Wlliam Gilmore Simms
The Simms Review (Vol 17: Nos 1-2) >> Simms, Freemasonry, and His ''Epistle to a Brother Mason in Affliction'' >> Page 114

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Secondary Scholarship | 2009
Transcription 114 THE SIMMS REVIEW

September 9, 1865, Simms told his friend James Lawson that he had been
"persuaded to join the Masons" since they last saw one another (Letters
4:517). Lawson last visited Simms in 1859 (Trent 243). In 1860, the last
full listing of all Masons in South Carolina before the war was published
by the Grand Lodge of South Carolina. Simms's name does not appear.
The latest possible date for Simms's Masonic membership is February
1865, when Simms makes it clear in his writings that he was a Mason
during the invasion of Columbia. All references to the Masons in his
published letters appear after this date. Although this provides a five-year
window—sometime between 1860 and 1865—as to when Simms could
have joined the Masonic fraternity, the actual date was probably closer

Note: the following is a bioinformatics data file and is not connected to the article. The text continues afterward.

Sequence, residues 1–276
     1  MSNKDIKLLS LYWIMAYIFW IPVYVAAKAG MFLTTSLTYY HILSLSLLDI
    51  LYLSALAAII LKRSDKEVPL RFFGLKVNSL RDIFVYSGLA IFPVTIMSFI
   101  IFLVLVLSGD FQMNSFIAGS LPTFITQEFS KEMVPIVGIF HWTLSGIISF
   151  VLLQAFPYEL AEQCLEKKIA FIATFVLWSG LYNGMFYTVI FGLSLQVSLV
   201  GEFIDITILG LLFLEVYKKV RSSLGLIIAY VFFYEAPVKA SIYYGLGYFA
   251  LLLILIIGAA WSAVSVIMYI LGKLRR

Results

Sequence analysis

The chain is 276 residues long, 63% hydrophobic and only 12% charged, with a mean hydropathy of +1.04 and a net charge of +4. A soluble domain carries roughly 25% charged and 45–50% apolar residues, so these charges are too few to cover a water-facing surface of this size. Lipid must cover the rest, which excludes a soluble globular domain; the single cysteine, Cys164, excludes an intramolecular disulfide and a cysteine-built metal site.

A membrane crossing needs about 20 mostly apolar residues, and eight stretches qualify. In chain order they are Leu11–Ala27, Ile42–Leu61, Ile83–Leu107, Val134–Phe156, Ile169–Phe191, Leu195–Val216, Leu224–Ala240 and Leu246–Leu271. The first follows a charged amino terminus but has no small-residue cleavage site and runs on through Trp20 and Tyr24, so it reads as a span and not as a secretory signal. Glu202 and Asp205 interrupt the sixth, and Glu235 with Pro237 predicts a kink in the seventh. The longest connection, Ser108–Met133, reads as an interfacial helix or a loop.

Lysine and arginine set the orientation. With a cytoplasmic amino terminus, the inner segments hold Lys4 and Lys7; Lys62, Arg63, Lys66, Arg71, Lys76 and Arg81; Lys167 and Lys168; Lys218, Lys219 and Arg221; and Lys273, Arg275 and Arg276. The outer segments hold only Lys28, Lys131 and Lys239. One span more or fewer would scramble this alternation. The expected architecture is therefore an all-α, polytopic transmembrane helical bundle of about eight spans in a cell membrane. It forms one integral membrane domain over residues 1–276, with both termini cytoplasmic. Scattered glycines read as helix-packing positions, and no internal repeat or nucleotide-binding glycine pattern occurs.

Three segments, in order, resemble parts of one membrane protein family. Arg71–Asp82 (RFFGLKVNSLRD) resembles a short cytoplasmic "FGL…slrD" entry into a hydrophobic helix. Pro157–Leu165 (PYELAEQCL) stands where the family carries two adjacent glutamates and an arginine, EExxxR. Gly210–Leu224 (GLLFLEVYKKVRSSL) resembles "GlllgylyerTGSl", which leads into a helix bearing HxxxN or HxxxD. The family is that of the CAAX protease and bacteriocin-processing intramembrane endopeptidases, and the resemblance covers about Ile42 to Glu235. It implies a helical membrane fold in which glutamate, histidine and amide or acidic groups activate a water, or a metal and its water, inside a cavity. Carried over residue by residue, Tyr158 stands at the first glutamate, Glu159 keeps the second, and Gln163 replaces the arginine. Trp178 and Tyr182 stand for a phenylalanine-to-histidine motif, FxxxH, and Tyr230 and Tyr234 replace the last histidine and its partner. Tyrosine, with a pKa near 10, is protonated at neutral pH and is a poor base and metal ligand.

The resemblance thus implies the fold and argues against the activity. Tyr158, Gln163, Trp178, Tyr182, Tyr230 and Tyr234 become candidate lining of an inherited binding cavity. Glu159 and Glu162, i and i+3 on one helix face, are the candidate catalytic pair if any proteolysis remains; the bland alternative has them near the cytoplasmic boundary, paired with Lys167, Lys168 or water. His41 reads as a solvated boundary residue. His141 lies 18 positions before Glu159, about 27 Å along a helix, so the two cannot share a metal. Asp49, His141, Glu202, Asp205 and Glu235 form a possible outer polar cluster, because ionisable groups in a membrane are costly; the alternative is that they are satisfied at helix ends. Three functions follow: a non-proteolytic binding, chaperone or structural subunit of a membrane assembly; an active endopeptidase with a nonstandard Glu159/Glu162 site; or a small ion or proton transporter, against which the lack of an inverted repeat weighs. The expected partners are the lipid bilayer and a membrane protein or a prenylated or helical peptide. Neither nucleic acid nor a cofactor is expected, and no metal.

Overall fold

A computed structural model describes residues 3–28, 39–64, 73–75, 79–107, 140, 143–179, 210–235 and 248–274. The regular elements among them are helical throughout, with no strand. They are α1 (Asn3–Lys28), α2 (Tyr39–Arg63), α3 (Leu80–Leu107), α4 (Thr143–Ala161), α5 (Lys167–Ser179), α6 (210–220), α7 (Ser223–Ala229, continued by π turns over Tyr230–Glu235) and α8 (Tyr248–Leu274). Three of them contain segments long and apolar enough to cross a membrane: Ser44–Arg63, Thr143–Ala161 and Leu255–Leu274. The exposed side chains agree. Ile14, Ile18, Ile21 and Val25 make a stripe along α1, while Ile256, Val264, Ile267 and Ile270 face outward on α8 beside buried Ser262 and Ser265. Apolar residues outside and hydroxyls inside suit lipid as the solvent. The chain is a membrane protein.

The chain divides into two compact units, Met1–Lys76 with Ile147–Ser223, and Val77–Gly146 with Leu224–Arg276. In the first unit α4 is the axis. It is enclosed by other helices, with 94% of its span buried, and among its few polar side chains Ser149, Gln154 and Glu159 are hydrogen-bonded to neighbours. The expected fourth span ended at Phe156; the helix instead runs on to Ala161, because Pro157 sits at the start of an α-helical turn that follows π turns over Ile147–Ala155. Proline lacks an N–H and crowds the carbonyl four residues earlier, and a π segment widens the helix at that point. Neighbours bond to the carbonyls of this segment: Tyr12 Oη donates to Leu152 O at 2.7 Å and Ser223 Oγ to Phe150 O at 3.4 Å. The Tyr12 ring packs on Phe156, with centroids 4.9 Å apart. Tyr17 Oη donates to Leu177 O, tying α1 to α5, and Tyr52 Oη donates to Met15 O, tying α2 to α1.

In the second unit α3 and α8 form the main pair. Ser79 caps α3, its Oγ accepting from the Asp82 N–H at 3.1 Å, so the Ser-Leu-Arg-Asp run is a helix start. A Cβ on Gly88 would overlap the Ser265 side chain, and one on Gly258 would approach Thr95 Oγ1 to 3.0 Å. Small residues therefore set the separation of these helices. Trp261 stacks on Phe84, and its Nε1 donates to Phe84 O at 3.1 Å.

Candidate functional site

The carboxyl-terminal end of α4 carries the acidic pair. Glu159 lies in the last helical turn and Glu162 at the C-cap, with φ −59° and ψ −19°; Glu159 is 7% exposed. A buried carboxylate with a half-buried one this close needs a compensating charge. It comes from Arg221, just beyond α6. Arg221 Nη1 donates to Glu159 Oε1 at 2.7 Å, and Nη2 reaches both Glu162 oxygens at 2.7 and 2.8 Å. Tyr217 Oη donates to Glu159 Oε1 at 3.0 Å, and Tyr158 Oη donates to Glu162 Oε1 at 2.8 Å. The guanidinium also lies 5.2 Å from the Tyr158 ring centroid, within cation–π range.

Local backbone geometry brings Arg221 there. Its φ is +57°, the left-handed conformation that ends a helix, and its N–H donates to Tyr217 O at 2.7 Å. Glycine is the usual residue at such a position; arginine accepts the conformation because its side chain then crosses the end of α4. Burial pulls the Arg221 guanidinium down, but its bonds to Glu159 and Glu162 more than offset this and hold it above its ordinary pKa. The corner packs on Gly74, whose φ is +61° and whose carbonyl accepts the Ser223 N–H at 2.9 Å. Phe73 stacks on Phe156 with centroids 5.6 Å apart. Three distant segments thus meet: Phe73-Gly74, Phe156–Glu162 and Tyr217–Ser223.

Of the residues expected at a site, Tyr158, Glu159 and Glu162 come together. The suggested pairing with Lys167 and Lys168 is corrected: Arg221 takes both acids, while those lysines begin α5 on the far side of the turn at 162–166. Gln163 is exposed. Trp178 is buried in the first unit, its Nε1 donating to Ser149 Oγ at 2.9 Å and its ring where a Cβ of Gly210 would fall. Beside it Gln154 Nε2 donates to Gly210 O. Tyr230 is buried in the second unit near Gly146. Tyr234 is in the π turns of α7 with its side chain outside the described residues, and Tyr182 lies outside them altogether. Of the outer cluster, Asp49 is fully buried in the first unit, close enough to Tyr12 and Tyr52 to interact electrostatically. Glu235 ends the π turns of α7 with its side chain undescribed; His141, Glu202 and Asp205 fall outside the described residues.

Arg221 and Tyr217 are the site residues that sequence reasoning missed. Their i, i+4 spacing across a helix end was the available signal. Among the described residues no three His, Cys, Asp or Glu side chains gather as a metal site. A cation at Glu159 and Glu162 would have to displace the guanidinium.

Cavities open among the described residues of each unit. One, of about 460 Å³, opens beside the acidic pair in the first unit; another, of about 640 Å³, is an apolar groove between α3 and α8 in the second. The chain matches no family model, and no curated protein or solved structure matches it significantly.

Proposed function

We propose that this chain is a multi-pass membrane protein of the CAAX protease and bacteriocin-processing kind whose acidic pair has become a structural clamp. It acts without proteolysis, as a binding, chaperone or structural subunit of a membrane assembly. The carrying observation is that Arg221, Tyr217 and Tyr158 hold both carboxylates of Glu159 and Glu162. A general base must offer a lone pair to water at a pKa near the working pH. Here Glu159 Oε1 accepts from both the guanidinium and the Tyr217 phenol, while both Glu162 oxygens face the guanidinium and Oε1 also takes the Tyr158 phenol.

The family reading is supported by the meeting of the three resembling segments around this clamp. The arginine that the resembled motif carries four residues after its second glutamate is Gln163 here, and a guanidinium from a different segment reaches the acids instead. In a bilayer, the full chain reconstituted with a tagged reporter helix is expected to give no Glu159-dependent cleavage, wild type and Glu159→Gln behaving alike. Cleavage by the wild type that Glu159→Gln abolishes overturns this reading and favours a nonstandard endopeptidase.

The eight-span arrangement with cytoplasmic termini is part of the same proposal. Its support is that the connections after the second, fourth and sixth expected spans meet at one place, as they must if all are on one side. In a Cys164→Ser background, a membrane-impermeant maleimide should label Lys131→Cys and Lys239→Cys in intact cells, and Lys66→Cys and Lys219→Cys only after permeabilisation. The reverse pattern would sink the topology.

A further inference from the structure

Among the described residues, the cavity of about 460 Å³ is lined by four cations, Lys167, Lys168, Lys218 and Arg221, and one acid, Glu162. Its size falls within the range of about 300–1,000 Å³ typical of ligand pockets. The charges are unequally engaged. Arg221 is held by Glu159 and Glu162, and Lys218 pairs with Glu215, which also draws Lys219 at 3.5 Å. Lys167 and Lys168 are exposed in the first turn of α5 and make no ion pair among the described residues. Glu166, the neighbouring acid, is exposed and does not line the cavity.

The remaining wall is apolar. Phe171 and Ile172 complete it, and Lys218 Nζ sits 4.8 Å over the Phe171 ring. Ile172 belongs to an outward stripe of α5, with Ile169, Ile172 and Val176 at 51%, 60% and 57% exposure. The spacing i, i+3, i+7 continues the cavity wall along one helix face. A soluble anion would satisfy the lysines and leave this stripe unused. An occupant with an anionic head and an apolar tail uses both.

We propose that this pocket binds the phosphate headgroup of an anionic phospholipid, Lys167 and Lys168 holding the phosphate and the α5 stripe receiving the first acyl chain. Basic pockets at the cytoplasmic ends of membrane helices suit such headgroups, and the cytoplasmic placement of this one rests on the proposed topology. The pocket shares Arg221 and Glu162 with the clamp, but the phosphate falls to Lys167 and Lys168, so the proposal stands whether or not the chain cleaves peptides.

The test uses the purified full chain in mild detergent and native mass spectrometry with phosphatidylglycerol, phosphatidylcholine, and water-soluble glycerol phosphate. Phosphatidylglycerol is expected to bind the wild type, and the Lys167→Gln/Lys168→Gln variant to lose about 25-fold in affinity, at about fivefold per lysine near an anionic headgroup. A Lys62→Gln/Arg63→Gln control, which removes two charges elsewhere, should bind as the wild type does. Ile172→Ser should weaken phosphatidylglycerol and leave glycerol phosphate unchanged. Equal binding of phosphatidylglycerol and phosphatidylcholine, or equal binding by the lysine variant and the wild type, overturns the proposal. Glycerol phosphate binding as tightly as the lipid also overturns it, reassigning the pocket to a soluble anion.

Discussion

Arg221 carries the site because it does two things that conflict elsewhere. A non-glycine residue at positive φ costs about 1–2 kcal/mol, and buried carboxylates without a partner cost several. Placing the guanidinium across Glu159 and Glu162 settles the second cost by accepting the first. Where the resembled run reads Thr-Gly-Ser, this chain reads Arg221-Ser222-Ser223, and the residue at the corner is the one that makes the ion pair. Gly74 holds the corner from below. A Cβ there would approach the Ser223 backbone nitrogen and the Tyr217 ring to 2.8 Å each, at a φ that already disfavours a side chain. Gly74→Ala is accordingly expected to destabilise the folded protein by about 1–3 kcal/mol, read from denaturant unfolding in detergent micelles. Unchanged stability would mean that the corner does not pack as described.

to 1865. This is suggested by the Lodge Simms joined: Richland Lodge
No. 39, A.F.M. in Columbia. l
According to a 1939 history of Orange Lodge No. 14 of
Charleston the lodge that Simms would later join after the war on
12 February 1866 Simms was "raised [i.e., became a Master Mason]
in Richland Lodge, No. 56" (24).2 This apparently useful information
errs in one vital detail: the lodge number is incorrect. Richland Lodge
of Columbia's number was 39. Initially I assumed this to be a typo-
graphical error, but confirmation came from a surprising source: a letter
sent from the Masons of Columbia to the Masons of the North ("New
Documentation"). One of the original circulars sent throughout New
York by their Grand Master, this document contained the appeal sent by
the Masons of Columbia. A letter likely written by Simms, it was signed
by Simms and six other Columbia Masons. Simms is designated as being
both the chairman of the commission and a member of Richland Lodge.
Because three other members of the commission were also from Richland
Lodge and their membership can be verified independently, we may be
certain that Simms was, indeed, a member of Richland Lodge No. 39.
Not only does this letter confirm Simms's mother lodge, it also
provides further insights into Simms's important trip to solicit aid from
the Masons of the North in November 1865, discussed below. Because it
is fairly well documented that Simms's travels between Woodlands and
Columbia were somewhat regular beginning in May 1864 and that he
was a full-time resident of Columbia by January 1865 (Trent 276-80),
and because Simms was made a Mason in Columbia at Richland Lodge
No. 39, it may be reasonably assumed that Simms became a Mason
sometime between May 1864 and January 1865.